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What came first: caption or drawing?

When it comes to making people laugh, Mabel Lucie Attwell’s colourful illustrations of cute children with a cheeky message always met the brief. But how did the ideas tumble from her mind onto the page? Did she use a formula to ensure success whether postcard, book or comic strip? How would you approach the creative process – words or pictures first?

 An article in the Strand Magazine in 1936 settles the question:

‘I can’t start on a drawing until I’ve finally decided upon the title. In fact I never put pencil to paper until I have found a title that satisfies me. Sometimes I’ll have discarded twenty or thirty titles before I light upon the one that perfectly hits off the little notion I’m aiming at.’

Mabel in her studio, c1961
Mabel in her studio, c1961

 

Ever the perfectionist, we can picture Mabel at her desk crossing through caption after caption on her notepad until the right one took shape to inspire an illustration. We delved into the archive to share a few designs that made it all the way to production.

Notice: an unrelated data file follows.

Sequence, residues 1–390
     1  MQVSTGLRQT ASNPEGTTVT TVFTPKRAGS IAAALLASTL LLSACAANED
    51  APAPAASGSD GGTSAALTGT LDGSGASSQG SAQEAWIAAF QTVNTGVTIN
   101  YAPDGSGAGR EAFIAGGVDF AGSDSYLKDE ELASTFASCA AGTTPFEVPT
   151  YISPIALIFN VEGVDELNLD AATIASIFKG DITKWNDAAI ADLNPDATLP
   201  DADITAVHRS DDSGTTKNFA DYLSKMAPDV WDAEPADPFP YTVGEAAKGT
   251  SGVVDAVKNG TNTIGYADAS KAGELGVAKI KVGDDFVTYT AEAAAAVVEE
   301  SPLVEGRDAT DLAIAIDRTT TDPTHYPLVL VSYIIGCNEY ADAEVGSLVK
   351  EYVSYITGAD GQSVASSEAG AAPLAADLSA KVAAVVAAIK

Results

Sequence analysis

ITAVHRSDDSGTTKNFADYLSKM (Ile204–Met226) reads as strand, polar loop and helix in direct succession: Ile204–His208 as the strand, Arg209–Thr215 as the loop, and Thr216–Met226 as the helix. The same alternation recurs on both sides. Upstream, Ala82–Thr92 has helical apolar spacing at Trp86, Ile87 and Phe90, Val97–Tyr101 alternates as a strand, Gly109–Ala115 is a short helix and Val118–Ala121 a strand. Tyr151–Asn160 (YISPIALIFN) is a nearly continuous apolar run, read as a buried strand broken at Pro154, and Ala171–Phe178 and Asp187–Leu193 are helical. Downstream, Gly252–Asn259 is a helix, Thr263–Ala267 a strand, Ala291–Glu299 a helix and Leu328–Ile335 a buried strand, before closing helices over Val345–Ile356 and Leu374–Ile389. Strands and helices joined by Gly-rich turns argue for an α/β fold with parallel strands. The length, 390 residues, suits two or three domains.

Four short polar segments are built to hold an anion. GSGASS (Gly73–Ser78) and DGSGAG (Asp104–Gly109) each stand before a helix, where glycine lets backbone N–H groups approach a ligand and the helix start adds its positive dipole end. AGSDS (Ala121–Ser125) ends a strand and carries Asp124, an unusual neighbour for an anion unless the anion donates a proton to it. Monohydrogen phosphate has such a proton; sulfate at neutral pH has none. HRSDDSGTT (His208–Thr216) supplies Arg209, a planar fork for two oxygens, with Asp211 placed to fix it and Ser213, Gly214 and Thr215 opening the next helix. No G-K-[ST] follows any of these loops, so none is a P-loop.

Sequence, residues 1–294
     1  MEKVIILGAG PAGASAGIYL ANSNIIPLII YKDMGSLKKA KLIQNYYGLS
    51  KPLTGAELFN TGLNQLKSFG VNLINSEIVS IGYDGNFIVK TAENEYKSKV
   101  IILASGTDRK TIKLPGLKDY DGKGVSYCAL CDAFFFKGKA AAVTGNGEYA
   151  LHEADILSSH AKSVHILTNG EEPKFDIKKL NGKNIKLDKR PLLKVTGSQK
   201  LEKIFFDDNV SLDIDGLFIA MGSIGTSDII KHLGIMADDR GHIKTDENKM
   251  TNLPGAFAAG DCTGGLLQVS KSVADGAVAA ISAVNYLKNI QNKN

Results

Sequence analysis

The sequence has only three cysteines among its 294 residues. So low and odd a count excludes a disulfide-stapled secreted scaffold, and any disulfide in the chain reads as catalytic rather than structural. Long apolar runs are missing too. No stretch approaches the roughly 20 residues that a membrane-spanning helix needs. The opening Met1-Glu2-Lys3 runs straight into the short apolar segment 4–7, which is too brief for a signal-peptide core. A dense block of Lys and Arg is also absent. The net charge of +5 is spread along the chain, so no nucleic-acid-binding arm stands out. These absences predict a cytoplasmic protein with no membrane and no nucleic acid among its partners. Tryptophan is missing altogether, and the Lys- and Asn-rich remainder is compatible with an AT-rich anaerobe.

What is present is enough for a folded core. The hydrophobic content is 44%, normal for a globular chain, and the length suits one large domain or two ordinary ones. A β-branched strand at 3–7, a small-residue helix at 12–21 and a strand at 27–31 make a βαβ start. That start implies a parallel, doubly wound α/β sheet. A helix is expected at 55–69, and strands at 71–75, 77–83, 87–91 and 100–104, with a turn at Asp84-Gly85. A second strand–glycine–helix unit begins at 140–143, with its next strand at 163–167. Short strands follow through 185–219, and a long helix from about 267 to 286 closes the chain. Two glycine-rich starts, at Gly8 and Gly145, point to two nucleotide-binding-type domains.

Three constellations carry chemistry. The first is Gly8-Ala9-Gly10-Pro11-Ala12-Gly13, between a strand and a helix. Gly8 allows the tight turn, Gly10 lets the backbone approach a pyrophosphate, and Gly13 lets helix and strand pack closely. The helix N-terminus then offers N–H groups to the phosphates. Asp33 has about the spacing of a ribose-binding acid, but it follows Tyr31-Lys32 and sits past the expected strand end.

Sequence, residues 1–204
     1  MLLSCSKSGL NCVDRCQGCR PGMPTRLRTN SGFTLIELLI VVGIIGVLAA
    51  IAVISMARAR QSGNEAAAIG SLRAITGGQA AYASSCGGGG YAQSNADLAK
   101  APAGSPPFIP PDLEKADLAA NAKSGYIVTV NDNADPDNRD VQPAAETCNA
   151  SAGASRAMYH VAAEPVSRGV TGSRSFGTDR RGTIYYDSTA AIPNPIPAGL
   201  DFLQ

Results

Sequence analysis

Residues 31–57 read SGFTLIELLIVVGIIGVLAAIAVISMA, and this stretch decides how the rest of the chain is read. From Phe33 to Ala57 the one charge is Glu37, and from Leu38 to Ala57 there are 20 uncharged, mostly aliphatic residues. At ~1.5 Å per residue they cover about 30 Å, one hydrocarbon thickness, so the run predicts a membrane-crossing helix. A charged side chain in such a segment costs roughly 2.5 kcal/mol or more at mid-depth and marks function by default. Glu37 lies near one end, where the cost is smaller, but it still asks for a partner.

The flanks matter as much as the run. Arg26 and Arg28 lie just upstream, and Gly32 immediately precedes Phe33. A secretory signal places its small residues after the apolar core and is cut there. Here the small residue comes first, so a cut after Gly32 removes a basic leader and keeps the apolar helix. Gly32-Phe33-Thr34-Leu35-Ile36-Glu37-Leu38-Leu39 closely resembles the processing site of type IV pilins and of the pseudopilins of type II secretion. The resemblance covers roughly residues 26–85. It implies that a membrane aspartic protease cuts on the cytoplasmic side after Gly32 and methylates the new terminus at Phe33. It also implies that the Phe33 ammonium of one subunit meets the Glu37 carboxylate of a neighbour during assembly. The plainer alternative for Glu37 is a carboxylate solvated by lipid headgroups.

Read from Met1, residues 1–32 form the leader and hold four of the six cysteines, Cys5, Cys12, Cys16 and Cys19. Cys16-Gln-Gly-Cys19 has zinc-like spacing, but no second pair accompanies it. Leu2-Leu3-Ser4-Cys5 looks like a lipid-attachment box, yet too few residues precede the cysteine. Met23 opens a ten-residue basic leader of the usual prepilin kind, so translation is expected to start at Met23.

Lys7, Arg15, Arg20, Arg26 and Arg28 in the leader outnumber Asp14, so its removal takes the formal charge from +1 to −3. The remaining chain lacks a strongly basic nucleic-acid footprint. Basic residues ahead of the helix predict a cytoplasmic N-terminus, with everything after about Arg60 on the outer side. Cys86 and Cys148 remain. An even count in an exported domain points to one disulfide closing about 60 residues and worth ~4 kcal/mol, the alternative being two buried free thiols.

Collection of Mabel Lucie Attwell postcards


From left to right, the all important captions read:

Who ever 'lowed muvver to order twins?

Son Batheing

Don't know wot I wants – but I wants it so bad!

Although I'm working for a while, I finks of you and have a smile.

I takes a pretty good view of you! 

illustrations Mabel Lucie Attwell vintage

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